Book of the DOG

Featuring all kinds of dogs – big, small, graceful, cute, funny – The Book of the Dog is a cool and quirky collection of dog art and illustration by artists around the world. Interspersed through the illustrations are short texts about the artists and different breeds, paying homage to man's best friend.

Book of the Dog
 

Elizabeth Peyton, Felix, 2011

Felix is a fabulous dog, having made his debut in a Los Angeles art show, hanging near David Bowie. His creator and mistress is Elizabeth Peyton, whose figurative painting has always provoked debate. Peyton is admired by celebrities and collected by them, she is herself a celebrity. Although she became well known in the early 1990s for painting famous people from photographs, Felix is part of a more recent tendency to work from life, with more naturalistic paintings of low-key people, flowers and animals. The oil-on-aluminum portrait demonstrates a welcome spontaneity, particularly around the dog's ears.

Yet Peyton's work still confounds, which leads to an impressive amount of labelling. She flattens planes of colour like Alex Katz; she ritualizes fame in the manner of Andy Warhol; she approaches colour and pattern in the style of Matisse. People who buy art just like it.


 

 

 

'What? Where? Who? When? Why?'

The interior monologue of a Jack Russell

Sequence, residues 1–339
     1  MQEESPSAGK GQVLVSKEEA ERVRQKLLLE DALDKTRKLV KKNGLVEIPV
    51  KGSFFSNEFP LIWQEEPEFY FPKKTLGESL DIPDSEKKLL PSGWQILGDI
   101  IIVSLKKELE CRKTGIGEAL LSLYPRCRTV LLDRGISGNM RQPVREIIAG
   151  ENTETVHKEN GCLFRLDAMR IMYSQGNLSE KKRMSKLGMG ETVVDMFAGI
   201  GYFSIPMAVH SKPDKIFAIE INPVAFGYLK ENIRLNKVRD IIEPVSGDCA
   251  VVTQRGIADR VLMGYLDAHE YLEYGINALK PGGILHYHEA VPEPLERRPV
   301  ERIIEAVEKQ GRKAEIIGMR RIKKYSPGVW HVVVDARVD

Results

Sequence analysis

The Raven

John Saint-Helier Lander, Portrait of HGH the Prince of Wales, 1925

"The Prince of Wales is wearing it" was a popular phrase in the interwar era, and here he is accessorized by a cairn terrier, tweed cap and Fair Isle sweater. The fuzzy neutrals of the Highland dog are a steadying influence in this sartorial landscape of checks and zigzags, which only a confirmed dandy could carry off. By approving a locally knitted sweater in the 1920s, the prince sparked an international craze.

The cairn, was only recognized as an official breed in 1910, though it is one of the oldest Scottish sporting dogs, happiest squaring up to a rat or fox among the piles of rocks (or cairns) characteristic of the Highlands. Like the Fair Isle, the terrier was traditional yet novel, the perfect companion for the prince. "Royal Friends," read the caption to the photogravure of this picture when it appeared in the illustrated London News. "Special portrait of HRH the Prince of Wales and his favourite dog."


Jean-Léon Gérôme, Boy, mid-19th century

Despite first appearances, this is not a pet's likeness from a dedicated dog artist, the kind of things found in the master's study. It is by Jean-Léon Gérome, one of the most honoured and commercially successful artists in France in the second half of the nineteenth century. Reliably spectacular, Gérôme's accessible tableaux of classical and oriental scenes were conceived with photorealist detail. An eminent professor at the École des Beaux Arts in Paris, he had little in common with the Impressionists.

Boy is not epic. With his beady eye and muscular body, he is a hard-working terrier inhabiting a domestic world. British royalty helped to popularize the dog genre, with portraits of pure-bred sporting breeds as well as pets of mixed origin. The lions, serpents and semi-clad humans of Gérôme's cinematic imagination could not be further from this painting of a well- loved working dog called Boy.